Supporters of a bill allowing women to obtain birth control pills from South Carolina pharmacies without a doctor’s prescription are trying to push it through before the end of this year’s session.
A House subcommittee approved the bill on Wednesday, sending it to the full House Medical Committee. The bill has already passed the Senate, but there are only nine regular legislative days left in the 2022 session of the General Assembly.
Pharmacists could choose whether or not to participate in the program, which allows them to give birth control pills or other hormonal contraceptives to women over 18 without a doctor’s visit, The Post and Courier reported.
Even in areas without doctors, there are pharmacies nearby, state Rep. Russell Ott told the newspaper.
“If we’re serious about reducing abortions, if we’re going to reduce unwanted or unplanned pregnancies, we have to be realistic,” said Ott, a Democrat from St. Matthews.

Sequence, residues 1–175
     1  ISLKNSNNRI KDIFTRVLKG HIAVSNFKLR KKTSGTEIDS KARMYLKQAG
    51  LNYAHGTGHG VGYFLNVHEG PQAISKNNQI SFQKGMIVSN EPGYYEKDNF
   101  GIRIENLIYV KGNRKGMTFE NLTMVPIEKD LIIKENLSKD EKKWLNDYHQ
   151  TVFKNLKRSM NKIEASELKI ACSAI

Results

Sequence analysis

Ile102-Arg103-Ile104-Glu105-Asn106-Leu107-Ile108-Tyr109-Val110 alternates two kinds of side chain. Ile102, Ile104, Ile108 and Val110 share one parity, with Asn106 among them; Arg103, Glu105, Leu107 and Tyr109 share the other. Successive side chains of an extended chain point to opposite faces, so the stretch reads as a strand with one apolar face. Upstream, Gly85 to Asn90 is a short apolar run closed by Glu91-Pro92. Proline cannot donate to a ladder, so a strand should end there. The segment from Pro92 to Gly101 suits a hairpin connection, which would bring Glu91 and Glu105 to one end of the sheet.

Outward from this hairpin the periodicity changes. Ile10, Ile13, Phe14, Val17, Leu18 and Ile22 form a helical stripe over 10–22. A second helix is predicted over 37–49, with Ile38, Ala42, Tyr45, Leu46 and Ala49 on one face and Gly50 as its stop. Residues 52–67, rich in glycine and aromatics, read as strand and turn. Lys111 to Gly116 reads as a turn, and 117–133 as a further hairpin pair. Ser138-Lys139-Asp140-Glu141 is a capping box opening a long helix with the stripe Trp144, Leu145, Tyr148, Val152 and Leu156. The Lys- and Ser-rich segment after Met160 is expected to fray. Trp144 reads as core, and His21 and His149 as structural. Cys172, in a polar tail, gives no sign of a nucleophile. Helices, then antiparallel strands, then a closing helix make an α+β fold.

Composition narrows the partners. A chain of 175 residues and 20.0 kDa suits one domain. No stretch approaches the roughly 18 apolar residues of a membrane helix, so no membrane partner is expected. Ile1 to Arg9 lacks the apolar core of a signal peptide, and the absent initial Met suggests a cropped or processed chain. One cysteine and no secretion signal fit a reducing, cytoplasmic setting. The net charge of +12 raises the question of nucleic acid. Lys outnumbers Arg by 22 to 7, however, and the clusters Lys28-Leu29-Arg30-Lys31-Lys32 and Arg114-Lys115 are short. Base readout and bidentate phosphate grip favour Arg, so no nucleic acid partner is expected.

The bill passed unanimously in the Senate last year. Republican Senator Tom Davis of Beaufort introduced it after the General Assembly passed a bill dramatically restricting abortions, saying it was another logical step to stopping unwanted pregnancies.
The only Republican member of the House subcommittee voted against the bill.
GOP Rep. Joe Bustos of Mount Pleasant said a doctor should be involved “every time you put chemicals in your body.”